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From "Nasgowitz, Mark (MED, GEMS-IT)" <>
Subject RE: Foreach task)
Date Mon, 11 Jun 2001 21:12:46 GMT
I also feel the foreach task is worth including in Ant. This is non-java
code set but I find Ant works very well.

The foreach task allows me to look in a directory and process all
property files that match. Each property file is then loaded using the
property task. This allows me to have a simple description type file
that contains information needed in the build process such as.....

Now all I have to do is drop in another property file to add another
build job. If I want to suspend one I just move the property file out of
that dir.

My process is not all that simple I process ~8 different builds each
with or without tests then I generate emails to the owners with xml
reports and ftp html pages showing current/past builds along with
trending information.

I plan to keep using the foreach task unless someone has a better

-----Original Message-----
From: []
Sent: Monday, June 11, 2001 3:41 PM
Subject: RE: Foreach task)

I second all this! I am doing something almost identical to your build 
process, only I'm also supporting the ability to deploy to multiple 
environments for development, QA, and production, each with different 
fundamental server configs and different physical characteristics. It 
doesn't make sense to write a build file for each env, since that would 
be a maintenance nightmare, and there is no reasonable way to 
homogenize the environments. If I wrote homegrown tasks to support 
deployment (which involves building sets of property files unique to 
each server instance and THEN moving the files out), it would be 
impossible for my successor to understand without tearing apart my 
code. Additionally, to maintain such a build, the next person HAS TO 
KNOW JAVA, and has to be familiar with developing against the Ant API. 
This simply isn't acceptable. Therefore, as far as I can see, the 
foreach is necessary from a practical point of view.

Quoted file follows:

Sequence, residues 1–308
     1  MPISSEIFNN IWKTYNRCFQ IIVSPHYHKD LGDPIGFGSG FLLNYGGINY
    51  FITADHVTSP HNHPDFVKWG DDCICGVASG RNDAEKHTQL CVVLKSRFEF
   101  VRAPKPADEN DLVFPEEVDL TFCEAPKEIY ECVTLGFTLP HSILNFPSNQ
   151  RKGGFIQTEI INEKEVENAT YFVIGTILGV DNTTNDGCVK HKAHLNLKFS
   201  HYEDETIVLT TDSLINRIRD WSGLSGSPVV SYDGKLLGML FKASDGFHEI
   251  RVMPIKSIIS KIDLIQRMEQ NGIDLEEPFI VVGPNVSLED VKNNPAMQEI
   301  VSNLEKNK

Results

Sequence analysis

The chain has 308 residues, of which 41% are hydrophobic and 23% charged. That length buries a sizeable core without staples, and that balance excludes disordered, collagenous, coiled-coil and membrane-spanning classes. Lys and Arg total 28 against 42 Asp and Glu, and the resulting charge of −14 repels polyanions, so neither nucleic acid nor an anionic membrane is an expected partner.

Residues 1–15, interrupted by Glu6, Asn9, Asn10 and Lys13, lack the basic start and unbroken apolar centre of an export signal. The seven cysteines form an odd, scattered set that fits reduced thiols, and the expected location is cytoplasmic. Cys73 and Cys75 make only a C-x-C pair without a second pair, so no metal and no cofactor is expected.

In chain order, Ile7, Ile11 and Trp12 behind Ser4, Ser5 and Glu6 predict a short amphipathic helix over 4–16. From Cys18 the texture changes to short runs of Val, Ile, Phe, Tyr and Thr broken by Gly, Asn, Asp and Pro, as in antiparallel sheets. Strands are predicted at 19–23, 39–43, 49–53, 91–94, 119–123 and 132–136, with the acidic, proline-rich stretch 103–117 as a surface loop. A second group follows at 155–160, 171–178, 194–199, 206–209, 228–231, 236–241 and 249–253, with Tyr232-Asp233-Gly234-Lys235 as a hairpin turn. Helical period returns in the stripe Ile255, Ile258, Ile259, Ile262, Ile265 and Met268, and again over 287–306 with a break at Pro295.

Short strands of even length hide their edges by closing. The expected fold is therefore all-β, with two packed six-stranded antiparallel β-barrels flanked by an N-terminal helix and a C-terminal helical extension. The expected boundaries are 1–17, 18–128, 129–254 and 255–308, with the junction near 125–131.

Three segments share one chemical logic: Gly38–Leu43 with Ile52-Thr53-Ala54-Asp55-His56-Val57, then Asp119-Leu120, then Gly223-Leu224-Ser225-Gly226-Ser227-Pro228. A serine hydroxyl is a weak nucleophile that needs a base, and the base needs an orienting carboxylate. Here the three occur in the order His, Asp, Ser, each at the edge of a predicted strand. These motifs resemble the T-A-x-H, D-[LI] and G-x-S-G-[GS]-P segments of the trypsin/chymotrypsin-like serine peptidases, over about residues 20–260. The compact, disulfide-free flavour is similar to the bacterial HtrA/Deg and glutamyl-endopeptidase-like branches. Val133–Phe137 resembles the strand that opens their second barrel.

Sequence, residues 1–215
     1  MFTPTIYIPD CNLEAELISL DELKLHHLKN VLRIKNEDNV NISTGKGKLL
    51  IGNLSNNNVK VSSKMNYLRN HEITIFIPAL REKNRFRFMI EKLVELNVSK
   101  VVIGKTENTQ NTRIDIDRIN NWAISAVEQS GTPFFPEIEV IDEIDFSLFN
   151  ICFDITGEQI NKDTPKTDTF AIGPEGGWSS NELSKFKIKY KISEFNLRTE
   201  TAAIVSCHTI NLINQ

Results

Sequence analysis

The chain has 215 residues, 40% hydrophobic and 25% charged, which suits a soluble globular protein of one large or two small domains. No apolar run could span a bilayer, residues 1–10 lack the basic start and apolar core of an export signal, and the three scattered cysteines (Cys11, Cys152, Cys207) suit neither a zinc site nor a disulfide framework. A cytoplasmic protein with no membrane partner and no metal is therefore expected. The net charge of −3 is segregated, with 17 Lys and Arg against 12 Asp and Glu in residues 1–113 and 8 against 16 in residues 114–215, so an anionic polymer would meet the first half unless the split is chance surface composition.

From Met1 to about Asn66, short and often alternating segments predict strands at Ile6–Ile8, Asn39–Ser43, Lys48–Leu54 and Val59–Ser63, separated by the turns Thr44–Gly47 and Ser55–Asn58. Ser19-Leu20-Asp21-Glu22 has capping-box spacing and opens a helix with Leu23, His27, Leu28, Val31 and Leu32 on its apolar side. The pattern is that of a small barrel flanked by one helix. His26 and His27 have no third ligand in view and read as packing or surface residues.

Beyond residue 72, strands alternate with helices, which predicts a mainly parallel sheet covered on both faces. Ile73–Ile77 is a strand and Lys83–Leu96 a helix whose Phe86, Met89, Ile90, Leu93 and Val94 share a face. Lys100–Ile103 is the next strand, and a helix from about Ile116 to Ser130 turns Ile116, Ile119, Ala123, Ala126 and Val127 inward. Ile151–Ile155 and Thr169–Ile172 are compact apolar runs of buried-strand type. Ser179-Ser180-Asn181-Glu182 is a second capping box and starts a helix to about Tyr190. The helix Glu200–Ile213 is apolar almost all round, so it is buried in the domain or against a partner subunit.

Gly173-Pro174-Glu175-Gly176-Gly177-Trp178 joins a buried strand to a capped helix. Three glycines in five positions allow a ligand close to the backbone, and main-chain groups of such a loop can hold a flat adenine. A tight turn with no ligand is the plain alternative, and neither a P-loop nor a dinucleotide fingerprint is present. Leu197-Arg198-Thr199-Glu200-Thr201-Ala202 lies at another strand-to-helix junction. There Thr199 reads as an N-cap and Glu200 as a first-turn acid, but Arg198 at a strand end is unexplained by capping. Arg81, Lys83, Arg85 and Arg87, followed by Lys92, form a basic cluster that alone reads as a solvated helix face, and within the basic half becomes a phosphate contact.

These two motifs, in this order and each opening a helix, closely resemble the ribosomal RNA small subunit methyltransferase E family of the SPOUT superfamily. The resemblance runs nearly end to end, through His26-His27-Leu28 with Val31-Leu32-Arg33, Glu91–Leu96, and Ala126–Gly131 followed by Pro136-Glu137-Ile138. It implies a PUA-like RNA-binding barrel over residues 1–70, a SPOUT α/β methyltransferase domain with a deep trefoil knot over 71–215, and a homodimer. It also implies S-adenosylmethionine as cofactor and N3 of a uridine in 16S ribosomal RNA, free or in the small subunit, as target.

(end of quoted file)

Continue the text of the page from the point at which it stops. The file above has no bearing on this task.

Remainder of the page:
Also, I'd like to make another point, however feeble:

If you have a pure tool that is relatively useless, what's the point? 
If you want to ensure that tool's survival into the future (which 
everyone does; else why waste time on it?) you have to make it useful. 
And supporting trivial builds that could be done *very* easily with a 
twelve-year-old's shell script is not what people in enterprise 
situations would consider useful.

Just my 2 cents.


-----Original Message-----
From: christopher.berry []
Sent: Monday, June 11, 2001 3:19 PM
To: ant-user
Subject: RE: looping (RE: Foreach task)


As the one who (innocently) began this debate, I will chime in. 
Although I
suspect that this argument has become religious, and as such, neither 
is listening to the other anymore...

In my current build, I have used <foreach> three times, and I do not 
see an
alternate approach. 

1) Loop over all TAR.GZ files in a directory and unpack them -- using a
generic unpack-GZfile-build.xml which takes the base filename as a 
property. I do not think one could do this generically w/ the current 
Tasks, or at least I couldn't figure it out.

2) Loop over every subdir in a directory and call it's build.xml file 
(if it
exists). Our Apps build independent of each other -- calling into a 
common-build.xml. But we must also provide a generic "full build" 
which can build an unknown set of Apps. Of course, one could require 
full-build.xml be edited whenever Apps were added or deleted, but 
that be error-prone?? To me this would be similar to explicitly adding 
to a Classpath, rather than just implicitly adding all JARs in the /lib
directory. One way requires no future intervention, the other constantly
bites you...

3) Loop over every file in a particular directory that matches a 
pattern, and pass it off to another Task. In this case, a home-grown 
which pulls a Version number from the filename, determines the maximum
Version number in use, and writes it to a property for use in a 
Ant Task.

Obviously I could have written a home-grown Task for each of these 
instances. But where is the elegance in that?? Isn't "Don't Repeat 
one of the cardinal rules of development. 

-- Chris

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